Tag Archives: safe

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Is Your Family Prepared for a Disaster? 

Being disaster-ready is easy. Follow our few simple tips.

Presented by Member One Federal Credit Union

From tornadoes to house fires and floods—all are disasters that can devastate our lives. If you’re ever in one of these situations, the last thing you want to be doing is picking up the disorganized pieces when a little preparation could have helped alleviate some of the chaos. Hopefully you’ll never experience a disaster, but if you do, our tips on what to collect and how to keep important documents safe could help put your mind at ease if the unexpected happens. 

Collect key documents. This includes personal identification for everyone in your household such as birth certificates, social security cards, passports, and pet identification tags. Also gather insurance policy numbers and the insurance company contact information for each type of coverage. You’ll also want to store a copy of property records like deeds and mortgage documents, medical information including prescriptions, estate-planning documents, and legal and financial records including taxes from the past few years. Record contact information for family and friends in case you don’t have access to your cell phone and need to reach out for help. 

Invest in storage. Select a way to store the items that’s easy to grab in a hurry. Options include a fireproof and waterproof safe, a binder with sleeves to hold all documents, or a safety deposit box at your local financial institution. You could also opt to store everything electronically on, for example, a memory stick, external hard drive, or the cloud. It may be wise to combine a few options—a safe for paper documents plus an electronic storage option. Whatever you choose, place it somewhere that can be quickly and easily grabbed as you head out the door. 

Take inventory of your possessions. This is especially helpful if you need to file an insurance claim. Go through your home, room by room, and record your belongings. Make note of household valuables, such as jewelry, antiques, or collectibles, and write down their worth. Take photos or videos of your home’s contents so you have proof of your possessions. Store your inventory list and photos or videos with your other important documents. 

Set money aside. If a disaster impacts your whole community, it’s likely that your local financial institution could be affected as well, making it difficult to access your money. Additionally, merchants may not have electricity, making a quick swipe of your debit or credit card impossible. Set aside enough cash to cover essentials for a couple of days, which might include a few nights in a hotel, food and water, and basic amenities like clothing.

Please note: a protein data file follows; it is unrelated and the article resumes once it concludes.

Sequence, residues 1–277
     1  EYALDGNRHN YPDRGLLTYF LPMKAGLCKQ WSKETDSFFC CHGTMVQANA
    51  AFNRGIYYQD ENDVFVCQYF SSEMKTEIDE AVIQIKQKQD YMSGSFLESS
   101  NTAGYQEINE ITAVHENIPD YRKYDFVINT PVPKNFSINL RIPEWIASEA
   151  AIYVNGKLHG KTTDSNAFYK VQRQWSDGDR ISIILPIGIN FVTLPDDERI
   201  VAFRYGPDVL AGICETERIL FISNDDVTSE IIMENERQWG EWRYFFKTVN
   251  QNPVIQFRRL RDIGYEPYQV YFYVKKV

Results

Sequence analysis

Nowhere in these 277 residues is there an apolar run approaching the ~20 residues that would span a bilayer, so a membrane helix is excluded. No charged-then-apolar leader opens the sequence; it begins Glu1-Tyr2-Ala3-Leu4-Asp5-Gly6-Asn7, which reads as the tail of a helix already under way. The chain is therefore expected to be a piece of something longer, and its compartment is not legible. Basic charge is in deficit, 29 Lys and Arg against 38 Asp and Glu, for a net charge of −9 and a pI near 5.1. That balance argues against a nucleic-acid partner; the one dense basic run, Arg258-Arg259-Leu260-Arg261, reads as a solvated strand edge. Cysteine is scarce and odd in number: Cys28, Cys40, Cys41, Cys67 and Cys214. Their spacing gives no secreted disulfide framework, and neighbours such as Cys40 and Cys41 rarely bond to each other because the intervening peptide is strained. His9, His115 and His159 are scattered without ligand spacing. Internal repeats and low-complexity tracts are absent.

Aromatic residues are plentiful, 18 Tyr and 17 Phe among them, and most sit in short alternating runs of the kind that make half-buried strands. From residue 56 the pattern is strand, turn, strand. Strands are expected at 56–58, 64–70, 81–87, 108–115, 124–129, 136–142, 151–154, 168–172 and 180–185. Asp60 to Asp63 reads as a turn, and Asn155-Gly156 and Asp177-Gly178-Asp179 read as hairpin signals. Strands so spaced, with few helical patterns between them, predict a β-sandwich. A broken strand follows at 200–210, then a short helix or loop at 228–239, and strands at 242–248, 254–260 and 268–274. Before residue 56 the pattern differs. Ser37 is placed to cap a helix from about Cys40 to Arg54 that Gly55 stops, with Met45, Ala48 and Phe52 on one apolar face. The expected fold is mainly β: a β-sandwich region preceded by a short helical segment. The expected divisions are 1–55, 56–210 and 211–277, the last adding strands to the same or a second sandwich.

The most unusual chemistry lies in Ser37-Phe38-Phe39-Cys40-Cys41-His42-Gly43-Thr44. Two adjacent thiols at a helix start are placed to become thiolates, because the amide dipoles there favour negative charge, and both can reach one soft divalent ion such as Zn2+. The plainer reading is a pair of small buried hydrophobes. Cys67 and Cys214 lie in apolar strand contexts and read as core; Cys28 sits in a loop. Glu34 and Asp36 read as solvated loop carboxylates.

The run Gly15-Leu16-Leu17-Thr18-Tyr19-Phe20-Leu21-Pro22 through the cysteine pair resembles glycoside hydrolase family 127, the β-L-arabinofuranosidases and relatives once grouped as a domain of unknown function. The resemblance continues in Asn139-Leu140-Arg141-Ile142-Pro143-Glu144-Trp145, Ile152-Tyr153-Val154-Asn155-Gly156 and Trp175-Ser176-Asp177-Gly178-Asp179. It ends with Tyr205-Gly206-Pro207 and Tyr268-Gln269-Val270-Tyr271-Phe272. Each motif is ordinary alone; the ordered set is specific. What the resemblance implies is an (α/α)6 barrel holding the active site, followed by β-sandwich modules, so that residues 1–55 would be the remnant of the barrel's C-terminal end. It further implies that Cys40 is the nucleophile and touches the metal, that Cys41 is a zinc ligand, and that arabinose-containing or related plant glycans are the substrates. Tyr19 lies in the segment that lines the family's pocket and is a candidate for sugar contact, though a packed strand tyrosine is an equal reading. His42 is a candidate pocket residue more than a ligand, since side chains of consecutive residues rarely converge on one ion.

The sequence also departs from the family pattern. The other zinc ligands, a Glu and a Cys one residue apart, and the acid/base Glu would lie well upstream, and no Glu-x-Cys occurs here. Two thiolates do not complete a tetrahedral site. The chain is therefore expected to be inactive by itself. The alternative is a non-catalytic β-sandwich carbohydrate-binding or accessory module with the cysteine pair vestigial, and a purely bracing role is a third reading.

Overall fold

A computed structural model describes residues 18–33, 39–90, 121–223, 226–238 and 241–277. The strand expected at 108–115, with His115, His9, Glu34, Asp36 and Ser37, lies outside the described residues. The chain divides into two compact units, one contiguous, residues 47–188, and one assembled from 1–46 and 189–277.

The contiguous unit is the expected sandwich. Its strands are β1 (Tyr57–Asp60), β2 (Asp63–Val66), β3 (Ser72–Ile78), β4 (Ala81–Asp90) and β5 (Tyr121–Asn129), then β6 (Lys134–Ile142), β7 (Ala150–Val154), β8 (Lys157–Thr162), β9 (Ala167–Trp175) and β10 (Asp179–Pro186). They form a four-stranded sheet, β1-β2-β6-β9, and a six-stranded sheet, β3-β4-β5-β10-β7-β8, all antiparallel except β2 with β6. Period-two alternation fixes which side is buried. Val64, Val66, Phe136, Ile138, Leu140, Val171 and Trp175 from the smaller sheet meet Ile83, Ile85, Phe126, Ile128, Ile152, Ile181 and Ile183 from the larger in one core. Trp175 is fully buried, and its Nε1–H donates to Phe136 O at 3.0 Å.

Join Member One here each month for more money-saving tips and financial advice! Be sure to visit their website, www.memberonefcu.com, for more info on their products and services. Member One Federal Credit Union is federally insured by the National Credit Union Administration. 

The Sun is More Fun When Playing Safe

Temperatures are high this summer, and Southwest Virginia is filled with outdoor activities to enjoy with family and friends. The Roanoke Alleghany district of Virginia’s Department of Health encourages you to follow key tips to remain healthy while enjoying the sunny, warm weather this summer.

Summer offers many opportunities to explore the great outdoors and enjoy fun-filled activities with your family and friends, but taking precautions against the dangers of sun and heat-related illnesses is critical to keeping you adventure-ready for the long haul.

The human body is made up of at least 60 percent water, and when Virginia summer temperatures rise into the 90s and above 100 degrees, the body cools itself by sweating. To continue to keep cool in extended periods of high heat, it is important to replace the water expelled through sweat. And, to know that under some conditions, sweating isn’t enough to keep cool. The following symptoms could indicate a serious condition:

  • thirst-1474240_1920Dehydration—During extreme heat your body loses fluid through sweating.  Dehydration results from the excessive loss of water and salts from the body, due to illness or from prolonged exposure to heat.  To prevent dehydration drink more water than usual, 2 to 4 cups of water while outside.
  • Heat Cramps— Muscle cramps may be the first sign of heat related illness. Heat cramps are painful, involuntary muscle spasms that usually occur during heavy physical activity in hot environments. Muscles most often affected include those of your calves, arms, abdominal wall, and back. If you are suffering from heat cramps, rest for several hours and drink clear juice or a sports drink that contains electrolytes.
  • Heat Exhaustion— Heat exhaustion occurs when the body loses too much water and salt from sweating during hot temperatures. The elderly, people who work outside and people with high blood pressure bear the highest risk. Symptoms include sweating, skin that’s cold and pale, fainting, nausea/vomiting and a rapid weak pulse. If you experience these symptoms, move to a cooler location and lie down. Apply cool, wet cloths and sip water.